3. Deference & degradation are not the same thing. It is sometimes though not always proper for a professional to defer to the judgments of (A) the more experienced, be they clients, peers, superiors, or inferiors; and/or (B) the public. Degradation is by definition evil, but it is not inherent in deference. Rather, degradation stems from bad working conditions; conflation of legitimate & illegitimate authority; competition for merit raises, promotion, etc.; absence of public recognition of work; and so on.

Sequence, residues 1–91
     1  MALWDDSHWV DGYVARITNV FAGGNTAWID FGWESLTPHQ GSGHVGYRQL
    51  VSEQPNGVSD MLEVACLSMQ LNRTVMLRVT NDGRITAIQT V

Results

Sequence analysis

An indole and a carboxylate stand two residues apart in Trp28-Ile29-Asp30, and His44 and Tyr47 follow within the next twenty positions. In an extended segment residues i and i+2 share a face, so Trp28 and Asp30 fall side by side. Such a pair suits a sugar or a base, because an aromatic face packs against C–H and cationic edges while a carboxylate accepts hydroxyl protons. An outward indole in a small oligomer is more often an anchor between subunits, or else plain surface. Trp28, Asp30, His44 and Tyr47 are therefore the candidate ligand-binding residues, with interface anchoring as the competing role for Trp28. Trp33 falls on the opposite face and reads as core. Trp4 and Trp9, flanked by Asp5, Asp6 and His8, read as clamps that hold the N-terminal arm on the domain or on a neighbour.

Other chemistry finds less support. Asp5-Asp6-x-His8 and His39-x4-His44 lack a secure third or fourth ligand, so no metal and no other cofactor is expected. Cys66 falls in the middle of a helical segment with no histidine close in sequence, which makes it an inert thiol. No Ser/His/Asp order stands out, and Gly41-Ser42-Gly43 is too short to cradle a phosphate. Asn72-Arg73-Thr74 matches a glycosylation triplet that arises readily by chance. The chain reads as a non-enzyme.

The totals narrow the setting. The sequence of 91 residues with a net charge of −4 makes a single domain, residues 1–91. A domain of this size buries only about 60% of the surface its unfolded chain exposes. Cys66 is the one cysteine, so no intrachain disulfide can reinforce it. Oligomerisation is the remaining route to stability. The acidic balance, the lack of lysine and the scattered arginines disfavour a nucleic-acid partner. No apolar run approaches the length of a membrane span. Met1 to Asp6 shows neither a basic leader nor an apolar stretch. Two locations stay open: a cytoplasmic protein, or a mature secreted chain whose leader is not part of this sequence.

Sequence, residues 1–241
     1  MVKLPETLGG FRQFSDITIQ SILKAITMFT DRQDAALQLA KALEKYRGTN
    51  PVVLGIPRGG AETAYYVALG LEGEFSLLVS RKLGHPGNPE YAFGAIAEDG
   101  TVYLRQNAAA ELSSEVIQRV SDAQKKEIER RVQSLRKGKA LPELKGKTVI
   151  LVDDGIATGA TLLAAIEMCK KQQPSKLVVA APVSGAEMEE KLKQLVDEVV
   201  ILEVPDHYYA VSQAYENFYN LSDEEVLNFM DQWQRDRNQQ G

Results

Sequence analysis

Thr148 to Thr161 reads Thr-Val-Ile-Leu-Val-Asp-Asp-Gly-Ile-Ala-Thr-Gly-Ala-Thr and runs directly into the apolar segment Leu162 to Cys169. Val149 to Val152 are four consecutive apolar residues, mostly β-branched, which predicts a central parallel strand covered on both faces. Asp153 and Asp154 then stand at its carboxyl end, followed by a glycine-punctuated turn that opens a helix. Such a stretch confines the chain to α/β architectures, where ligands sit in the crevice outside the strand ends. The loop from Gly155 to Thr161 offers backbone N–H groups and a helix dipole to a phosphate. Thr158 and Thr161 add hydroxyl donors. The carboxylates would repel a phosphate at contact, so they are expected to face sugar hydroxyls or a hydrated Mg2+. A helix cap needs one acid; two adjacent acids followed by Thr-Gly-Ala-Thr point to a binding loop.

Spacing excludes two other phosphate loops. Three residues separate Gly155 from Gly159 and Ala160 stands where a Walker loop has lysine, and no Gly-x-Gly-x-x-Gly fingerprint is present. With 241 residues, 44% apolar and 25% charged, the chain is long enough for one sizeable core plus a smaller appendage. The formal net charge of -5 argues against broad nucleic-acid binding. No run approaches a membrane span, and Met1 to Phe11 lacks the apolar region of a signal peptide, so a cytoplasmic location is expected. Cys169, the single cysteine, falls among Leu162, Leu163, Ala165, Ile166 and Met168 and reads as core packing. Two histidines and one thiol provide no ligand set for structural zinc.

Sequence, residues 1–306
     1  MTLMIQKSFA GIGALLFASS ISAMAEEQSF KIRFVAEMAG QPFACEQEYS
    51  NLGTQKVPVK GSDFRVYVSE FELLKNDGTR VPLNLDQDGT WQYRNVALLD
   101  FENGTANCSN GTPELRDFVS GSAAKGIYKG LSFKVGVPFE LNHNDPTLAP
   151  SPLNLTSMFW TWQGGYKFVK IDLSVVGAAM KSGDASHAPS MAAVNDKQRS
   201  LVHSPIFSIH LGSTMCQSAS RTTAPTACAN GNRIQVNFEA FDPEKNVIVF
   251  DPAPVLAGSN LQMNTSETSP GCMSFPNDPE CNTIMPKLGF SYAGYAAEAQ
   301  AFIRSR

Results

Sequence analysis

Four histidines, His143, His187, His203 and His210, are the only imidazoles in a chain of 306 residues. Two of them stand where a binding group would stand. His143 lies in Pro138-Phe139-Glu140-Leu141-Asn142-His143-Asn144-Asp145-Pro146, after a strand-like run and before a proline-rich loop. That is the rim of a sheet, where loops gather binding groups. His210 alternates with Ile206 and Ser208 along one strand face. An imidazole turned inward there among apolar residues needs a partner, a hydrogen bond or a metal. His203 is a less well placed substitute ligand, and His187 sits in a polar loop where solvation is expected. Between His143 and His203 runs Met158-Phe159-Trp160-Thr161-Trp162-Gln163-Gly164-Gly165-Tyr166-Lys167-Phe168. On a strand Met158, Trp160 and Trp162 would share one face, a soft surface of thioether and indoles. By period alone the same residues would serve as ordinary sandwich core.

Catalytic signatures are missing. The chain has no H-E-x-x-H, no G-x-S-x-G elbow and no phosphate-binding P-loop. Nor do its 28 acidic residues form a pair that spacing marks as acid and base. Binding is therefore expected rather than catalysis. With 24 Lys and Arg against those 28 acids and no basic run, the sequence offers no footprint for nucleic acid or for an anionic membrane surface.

In my opinion, under capitalism, professionalism is a poor substitute for -- and often an obstacle in the path toward -- working-class solidarity. However, it doesn't have to be this way. As Wojtek argues: "Successful social democracies have been build on professions-working class alliances." So will be socialism, if we ever get around to building one, I think.


More information about the lbo-talk mailing list